Alix grants COVID funds to non-profit groups

Written by Stu Salkeld

Alix village council divided up the balance of provincial funds designated to offset financial difficulties linked to the COVID-19 pandemic at their regular council meeting Mar. 3. 

The meeting was streamed via Zoom to meet pandemic rules.

Village Chief Administrative Officer (CAO) Michelle White presented councillors with a report on the Municipal Operating Support Transfer (MOST), supplied to municipalities by the provincial government to offset financial difficulties linked to the pandemic.

White noted in her report the village was eligible for $79,324, and the village, by the end of 2020, had spent $14,303.85 on COVID expenses such as personal protective equipment. 

She further noted $41,267.91 has been spent in 2021, which includes allocations of MOST funds to the Alix-MAC School breakfast program ($2,500) and the arena ($37,000). 

She reported at the meeting $23,338.45 was available to grant to other groups.

“We have confirmed that non-profit organizations within the community are eligible to be granted funds as long as the funds are granted under the terms of the eligible expenses,” stated White in her report, who noted MOST funds must be linked to COVID-19 expenses or revenue losses.

Both the Alix Lions Club and figure skating club applied for MOST funds, and both stated they lost revenue due to fundraising casinos being delayed.

White presented a list of Alix groups that applied for MOST funds and the amount they requested: the United Church Women (UCW) $4,674, Alix Public Library $1,952, Wagon Wheel Museum $3,140, Lions Club $10,000, Alix Figure Skating Club $4,080 and the Alix Fire Medical Association $5,000. 

The CAO stated all these requests met the guidelines although it was up to council to decide if lost casino revenue was eligible.

The CAO also noted the village must disperse the funds by March 31, 2021 or the money goes back to Edmonton.

Coun. Tim Besuijen, who noted the requests added up to more money than the village had available, asked why the Lions Club requested $10,000.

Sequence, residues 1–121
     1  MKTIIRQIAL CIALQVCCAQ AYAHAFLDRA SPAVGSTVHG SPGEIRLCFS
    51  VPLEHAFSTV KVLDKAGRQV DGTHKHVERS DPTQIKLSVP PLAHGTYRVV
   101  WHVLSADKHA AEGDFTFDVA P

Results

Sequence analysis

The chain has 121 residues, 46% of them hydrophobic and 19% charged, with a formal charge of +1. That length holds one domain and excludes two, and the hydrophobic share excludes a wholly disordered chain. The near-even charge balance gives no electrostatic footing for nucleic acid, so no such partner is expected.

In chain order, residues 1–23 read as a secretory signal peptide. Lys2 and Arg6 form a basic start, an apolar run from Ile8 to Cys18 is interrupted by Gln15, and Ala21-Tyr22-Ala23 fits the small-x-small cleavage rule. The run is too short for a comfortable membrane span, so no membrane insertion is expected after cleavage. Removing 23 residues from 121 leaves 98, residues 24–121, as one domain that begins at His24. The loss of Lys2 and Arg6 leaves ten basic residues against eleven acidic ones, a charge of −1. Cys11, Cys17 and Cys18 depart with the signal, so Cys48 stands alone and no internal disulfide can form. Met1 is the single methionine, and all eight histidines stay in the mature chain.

White stated it was related to their lost casino revenue.

Mayor Rob Fehr stated that even if a group makes that much money at a casino, they won’t necessarily get that money right away. They may have to wait a while to receive it, he added.

Mayor Fehr also added that the Lions Club could keep in touch with the village if they are struggling, and it also appears pandemic guidelines may be lifted a bit more by summertime, meaning fundraising events might be held.

During their discussions, councillors mentioned several times they wanted to divide the money up as evenly as possible.

Councillors eventually unanimously approved granting the following funds from the MOST grant: UCW $4,500, $1,838 library, $3,000 museum, $5,000 Lions, $4,000 skating club and $5,000 fire rescue.


Stu Salkeld, Local Journalism Initiative reporter

ECA Review

About the author

Stu Salkeld

Stu Salkeld, who has upwards of 28 years of experience in the Alberta community newspaper industry, is now covering councils and other news in the Stettler region and has experience working in the area as well.

He has joined the ECA Review as a Local Journalism Initiative Journalist.

Stu earned his two-year diploma in print journalism from SAIT in Calgary from 1993 to ’95 and was raised in Oyen, Alta., one of the communities within the ECA Review’s coverage area.